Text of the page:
Communication key to closing relationship expectations gap

It was my first transatlantic flight. I was on my way to Germany.

I planned to enjoy the long flight by reading, writing and sleeping. Talking to people was not my top priority. I was on vacation.

Being a life coach, however, doesn’t just turn on and off. When someone talks to me, I usually fully engage. It’s a habit. I find it nearly impossible to half listen, especially when someone wants to talk, and a nine hour flight provides an excellent opportunity to be heard (or to listen).

It started in the boarding area when I noticed a young man with long hair.

Before I boarded the plane, I heard an announcement: “Passenger Fisher, please come to the check-in counter.” The airline representative handed me a new boarding pass, changing my seat. When I got to my seat I noticed the long-haired man to my right. He wasn’t chatty at first, which was fine with me.

After a movie and a nap, I drafted an article on my computer. Out of the corner of my eye, I saw him looking at photos, dabbing his eyes, lowering his hat and sulking. He frequently glanced at my computer screen and then looked down.

As I finished the article, he opened a conversation. He was an American named Mark who lived in France with his wife and 3-year-old daughter.

He recently had returned to the States to visit family after his French wife told him she wanted a divorce, a complete shock. His return flights to France had been canceled repeatedly because of the volcano ash ... so there he sat, next to me.

He admitted reading the article I was writing and then talked about his pending divorce. His main concern was getting custody of his daughter and returning to the United States.

As we delved into what had happened and how he was feeling, it seemed that the problems in Mark’s marriage seemed to stem from a communication gap. Mark revealed that there was a chasm between what each of them expected and what they were experiencing — the perfect ingredients for a crisis.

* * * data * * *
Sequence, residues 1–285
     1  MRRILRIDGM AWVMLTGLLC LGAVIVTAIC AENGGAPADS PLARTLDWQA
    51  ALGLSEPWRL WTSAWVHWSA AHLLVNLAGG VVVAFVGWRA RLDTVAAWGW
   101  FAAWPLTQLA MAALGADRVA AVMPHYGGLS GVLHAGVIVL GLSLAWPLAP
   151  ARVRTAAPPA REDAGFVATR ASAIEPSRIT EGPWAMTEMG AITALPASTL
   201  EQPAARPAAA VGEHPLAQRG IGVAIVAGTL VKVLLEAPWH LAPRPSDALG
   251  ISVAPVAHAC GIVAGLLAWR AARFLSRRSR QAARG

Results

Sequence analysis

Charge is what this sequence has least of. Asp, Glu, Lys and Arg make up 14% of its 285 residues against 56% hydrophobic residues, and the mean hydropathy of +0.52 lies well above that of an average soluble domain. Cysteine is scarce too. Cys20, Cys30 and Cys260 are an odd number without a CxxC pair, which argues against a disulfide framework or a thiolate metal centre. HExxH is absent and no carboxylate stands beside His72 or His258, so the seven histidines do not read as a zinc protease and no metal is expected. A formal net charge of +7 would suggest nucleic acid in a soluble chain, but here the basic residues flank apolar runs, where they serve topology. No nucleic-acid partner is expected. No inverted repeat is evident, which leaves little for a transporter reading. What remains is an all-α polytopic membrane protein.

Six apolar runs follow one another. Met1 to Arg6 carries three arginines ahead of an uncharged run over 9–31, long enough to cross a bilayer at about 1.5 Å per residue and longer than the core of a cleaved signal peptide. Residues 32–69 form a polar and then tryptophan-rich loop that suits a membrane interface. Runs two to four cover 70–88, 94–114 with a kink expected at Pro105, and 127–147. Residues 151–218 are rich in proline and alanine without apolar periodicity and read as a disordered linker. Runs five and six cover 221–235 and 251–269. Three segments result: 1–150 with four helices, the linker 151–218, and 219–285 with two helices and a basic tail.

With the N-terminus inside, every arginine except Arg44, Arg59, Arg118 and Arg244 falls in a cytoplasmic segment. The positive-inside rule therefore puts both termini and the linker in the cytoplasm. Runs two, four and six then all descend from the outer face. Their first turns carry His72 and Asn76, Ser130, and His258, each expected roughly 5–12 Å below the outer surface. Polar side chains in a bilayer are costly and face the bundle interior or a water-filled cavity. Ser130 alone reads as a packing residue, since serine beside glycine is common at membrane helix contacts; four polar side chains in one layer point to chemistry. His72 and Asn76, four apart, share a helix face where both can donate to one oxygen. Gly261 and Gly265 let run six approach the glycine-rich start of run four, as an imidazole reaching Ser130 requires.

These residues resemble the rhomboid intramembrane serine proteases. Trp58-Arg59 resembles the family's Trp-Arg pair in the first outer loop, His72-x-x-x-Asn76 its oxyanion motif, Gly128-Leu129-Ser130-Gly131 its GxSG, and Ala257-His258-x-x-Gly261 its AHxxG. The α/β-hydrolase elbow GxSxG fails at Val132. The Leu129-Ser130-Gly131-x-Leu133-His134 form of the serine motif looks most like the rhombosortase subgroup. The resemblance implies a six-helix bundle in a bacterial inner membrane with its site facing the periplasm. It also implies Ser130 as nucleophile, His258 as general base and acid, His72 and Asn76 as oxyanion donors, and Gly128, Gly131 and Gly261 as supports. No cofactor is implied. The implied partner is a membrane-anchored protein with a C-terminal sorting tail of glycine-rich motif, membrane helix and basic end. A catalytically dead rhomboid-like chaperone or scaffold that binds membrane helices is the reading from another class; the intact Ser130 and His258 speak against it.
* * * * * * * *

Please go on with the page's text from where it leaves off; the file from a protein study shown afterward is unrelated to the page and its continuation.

After listening, I surmised that before their daughter was born, their “system” (aka relationship) was in balance.

When they added a new factor into their system — their daughter — the system became imbalanced. To complicate things further, they had less time to talk. Thus the crisis and pending divorce.

In the course of our conversation, Mark decided to talk to his wife and determined what he wanted to say. As he left the plane, he seemed relieved and motivated. He promised to follow-up with me on his action steps via e-mail.

Although I had anticipated a quiet flight, I think Mark and I were destined to sit next to each other (considering his canceled flights and my seating re-assignment).

Will things work it out for Mark? Maybe. Maybe not.

It depends on Mark and his wife’s willingness to grow individually and on their ability to effectively communicate, which will hopefully lead to cooperation and resolution.

One thing is sure. Learning to communicate more effectively is a skill that can improve one’s life no matter what the circumstances.

Coaching challenge: The next time you experience a crisis in a relationship, look at the gap between your expectations and what each of you is experiencing. When you can clearly identify this gap, talking about it can help you to move away from crisis, solve the problem and move forward.

Sheri Fisher is an intuitive life coach in Grand Junction. The situations and characters in her column are fictional to maintain client confidentiality. For more information and to access her blog, go to


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